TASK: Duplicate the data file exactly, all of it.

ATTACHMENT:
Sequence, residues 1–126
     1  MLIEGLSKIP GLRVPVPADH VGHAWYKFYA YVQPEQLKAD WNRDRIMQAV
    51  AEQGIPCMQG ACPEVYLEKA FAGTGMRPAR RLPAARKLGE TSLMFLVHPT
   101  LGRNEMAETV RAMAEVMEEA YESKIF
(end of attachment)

Sequence, residues 1–126
     1  MLIEGLSKIP GLRVPVPADH VGHAWYKFYA YVQPEQLKAD WNRDRIMQAV
    51  AEQGIPCMQG ACPEVYLEKA FAGTGMRPAR RLPAARKLGE TSLMFLVHPT
   101  LGRNEMAETV RAMAEVMEEA YESKIF